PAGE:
Yes, it’s true. People email me or slide into my DMs and ask how they should be stretching, or what the best way is.

If you’re anything like me or have trained with me, you’re probably thinking, “What outcomes are you trying to achieve?”

When people ask me questions, I’m almost always asking more questions first. But I don’t love getting into long DMs on IG (mostly because I hate typing on my tiny phone) and email just lacks the tone and depth that you get when we’re a verbal dialogue. So my go-to answer often looks like this:

When in doubt, I would go with an isometric stretch variation over a passive stretch.

The reasons for this are many. In simple terms:

  • You’re emphasizing a usable range
  • You’re adapting the muscle spindle threshold
  • The sensation tends to be less “nervy”
  • As my friend and colleague Charlie Reid says, “ISOs make heroes.”
  • Isometrics have a bonus analgesic effect
  • If you’re incorporating an eccentric into your variation, there’s greater cortical recruitment.
  • This certainly doesn’t mean that passive stretching is bad, dangerous, or faulty. I just don’t have enough information in the original question and the isometric versions are pretty awesome, as you can see.

I’ve been studying and teaching about stretching for over a decade now. Each time I run a webinar, I polish the presentation a bit more. Sometimes there’s new research. Every time I get better at explaining it and helping you make meaning of it. Learn more about the Science of Stretching webinar here.

Speaking of making meaning, I’ve been doing a lot of philosophizing lately. I spent this last year auditing university courses in non-Euclidean geometry and biochemistry to take me out of my tunnel vision and help me create connections between fields of study (other than physics and mechanics) and biology. These insights have been showing up in my teaching lately and it’s giving me a new enthusiasm for my craft. I have something for you to ponder today – an opportunity for you to consider fields of study that you are passionate about.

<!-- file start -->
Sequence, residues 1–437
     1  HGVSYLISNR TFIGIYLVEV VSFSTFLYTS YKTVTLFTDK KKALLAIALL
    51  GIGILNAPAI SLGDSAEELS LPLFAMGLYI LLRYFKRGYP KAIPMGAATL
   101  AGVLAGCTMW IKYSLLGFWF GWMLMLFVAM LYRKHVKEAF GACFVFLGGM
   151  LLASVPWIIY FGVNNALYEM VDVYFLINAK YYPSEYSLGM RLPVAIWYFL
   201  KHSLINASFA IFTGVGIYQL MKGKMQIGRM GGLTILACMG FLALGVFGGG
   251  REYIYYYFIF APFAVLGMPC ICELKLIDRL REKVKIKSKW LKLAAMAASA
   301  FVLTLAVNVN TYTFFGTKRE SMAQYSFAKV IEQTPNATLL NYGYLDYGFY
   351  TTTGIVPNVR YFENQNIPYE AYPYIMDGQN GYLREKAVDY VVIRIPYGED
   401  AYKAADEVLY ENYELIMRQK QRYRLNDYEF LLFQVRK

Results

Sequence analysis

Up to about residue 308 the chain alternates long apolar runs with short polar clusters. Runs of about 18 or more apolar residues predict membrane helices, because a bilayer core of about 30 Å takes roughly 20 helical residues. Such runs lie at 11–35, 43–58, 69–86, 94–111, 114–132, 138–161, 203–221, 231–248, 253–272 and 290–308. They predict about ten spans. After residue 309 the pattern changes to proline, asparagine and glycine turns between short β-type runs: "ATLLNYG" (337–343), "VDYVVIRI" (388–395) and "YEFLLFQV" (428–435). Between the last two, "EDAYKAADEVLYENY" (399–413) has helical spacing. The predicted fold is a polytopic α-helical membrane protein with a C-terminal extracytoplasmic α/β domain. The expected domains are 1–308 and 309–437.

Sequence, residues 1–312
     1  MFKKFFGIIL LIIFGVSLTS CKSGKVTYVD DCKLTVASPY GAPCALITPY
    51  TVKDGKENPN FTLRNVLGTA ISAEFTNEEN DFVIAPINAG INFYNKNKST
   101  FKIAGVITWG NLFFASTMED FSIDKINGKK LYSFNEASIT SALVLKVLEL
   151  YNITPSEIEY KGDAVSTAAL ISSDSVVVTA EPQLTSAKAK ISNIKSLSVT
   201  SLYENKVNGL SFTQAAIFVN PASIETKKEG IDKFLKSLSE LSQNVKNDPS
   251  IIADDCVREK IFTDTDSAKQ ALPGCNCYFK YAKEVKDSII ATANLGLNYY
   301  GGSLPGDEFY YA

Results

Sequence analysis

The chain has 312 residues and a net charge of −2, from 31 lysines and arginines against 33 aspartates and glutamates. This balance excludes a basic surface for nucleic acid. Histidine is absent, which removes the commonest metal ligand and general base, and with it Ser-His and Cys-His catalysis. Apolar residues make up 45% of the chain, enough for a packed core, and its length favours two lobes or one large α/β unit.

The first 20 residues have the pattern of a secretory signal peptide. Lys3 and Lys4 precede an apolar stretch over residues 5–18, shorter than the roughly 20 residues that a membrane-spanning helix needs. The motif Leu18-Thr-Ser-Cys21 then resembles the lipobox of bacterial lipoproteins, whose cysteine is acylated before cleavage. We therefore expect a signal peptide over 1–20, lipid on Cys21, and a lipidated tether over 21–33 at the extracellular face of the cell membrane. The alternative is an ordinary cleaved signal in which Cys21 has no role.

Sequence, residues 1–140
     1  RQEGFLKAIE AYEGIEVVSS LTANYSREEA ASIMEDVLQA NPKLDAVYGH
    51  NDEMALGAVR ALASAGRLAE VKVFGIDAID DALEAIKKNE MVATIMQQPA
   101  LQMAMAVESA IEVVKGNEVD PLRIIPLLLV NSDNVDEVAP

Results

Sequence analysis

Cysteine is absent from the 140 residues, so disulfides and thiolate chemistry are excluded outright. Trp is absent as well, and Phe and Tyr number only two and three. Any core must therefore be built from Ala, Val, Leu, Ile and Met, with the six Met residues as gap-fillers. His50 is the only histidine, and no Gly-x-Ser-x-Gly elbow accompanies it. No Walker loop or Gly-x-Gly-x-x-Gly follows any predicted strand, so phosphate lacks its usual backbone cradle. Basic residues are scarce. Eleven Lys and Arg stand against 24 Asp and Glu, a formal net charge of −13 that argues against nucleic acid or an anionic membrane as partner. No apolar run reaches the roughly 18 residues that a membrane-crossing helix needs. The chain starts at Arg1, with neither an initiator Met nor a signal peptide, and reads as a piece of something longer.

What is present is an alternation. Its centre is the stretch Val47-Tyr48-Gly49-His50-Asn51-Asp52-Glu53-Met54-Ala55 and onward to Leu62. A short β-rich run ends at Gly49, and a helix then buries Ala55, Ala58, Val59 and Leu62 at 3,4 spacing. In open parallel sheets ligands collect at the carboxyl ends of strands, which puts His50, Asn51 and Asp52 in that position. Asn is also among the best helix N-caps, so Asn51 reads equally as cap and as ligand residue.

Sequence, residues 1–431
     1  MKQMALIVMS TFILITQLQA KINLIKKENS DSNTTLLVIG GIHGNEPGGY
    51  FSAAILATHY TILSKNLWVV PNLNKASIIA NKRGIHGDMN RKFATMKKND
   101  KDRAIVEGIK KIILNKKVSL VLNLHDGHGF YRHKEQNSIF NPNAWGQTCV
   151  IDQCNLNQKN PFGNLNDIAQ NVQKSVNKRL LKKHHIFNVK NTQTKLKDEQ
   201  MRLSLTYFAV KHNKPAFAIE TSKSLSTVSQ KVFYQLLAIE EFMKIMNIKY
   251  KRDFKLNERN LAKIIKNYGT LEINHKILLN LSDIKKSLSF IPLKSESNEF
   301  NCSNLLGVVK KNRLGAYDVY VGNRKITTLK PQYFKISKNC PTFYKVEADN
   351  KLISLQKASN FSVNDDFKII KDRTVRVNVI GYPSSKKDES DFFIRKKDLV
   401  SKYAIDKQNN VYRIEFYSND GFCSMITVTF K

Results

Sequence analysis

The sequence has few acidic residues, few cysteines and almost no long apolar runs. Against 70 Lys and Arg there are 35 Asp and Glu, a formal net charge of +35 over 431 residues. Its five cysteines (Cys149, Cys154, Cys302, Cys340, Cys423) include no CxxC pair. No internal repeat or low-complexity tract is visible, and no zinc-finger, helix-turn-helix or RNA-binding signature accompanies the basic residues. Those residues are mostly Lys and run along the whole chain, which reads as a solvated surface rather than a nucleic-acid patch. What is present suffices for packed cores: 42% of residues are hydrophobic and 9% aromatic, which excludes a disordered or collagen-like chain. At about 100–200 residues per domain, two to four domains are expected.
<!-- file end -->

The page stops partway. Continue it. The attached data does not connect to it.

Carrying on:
This Week’s Thought Provoker

(Use thought provokers to challenge yourself and your students, expand your comfort zone, and stimulate new insights. Watch the video then reflect on the thought provoker.)

WATCH: What does it really mean to concentrically and eccentrically contract a muscle?

In the short video, I highlight a series of polarities (push/pull, concentric/eccentric, convergence/divergence, attraction/repulsion) that reflect fields of study such as physics, muscle physiology, optics, chemistry.

INQUIRY: What other polarities (and their associated fields of study) do you resonate with when practicing or teaching yoga? Think beyond biology and consider psychology, social justice, epistemology, phenomenology, or whatever interests you. How do these thoughts inform how you teach and practice yoga?

I’m currently deciding what field of study is next for me and I’m leaning toward some advanced math topics: graph theory, composite functions, polar coordinates, parametric equations, and more. These topics are helping me create a narrative around biotensegrity which I’ve also been reading more of. I can’t wait to share more of my insights with you here!


Extend Your Learning:
Online Education With Jules

Jules Mitchell shares decades of stretching research with yoga teachers.

The Science of Stretching Webinar 5.0

This webinar is for teachers and students who have an insatiable curiosity about stretching, what it does, and how it works, while accepting that conventional stretching wisdom isn’t always accurate. Eligible for 3 CEUs. This course is offered in January and July each year. Learn more >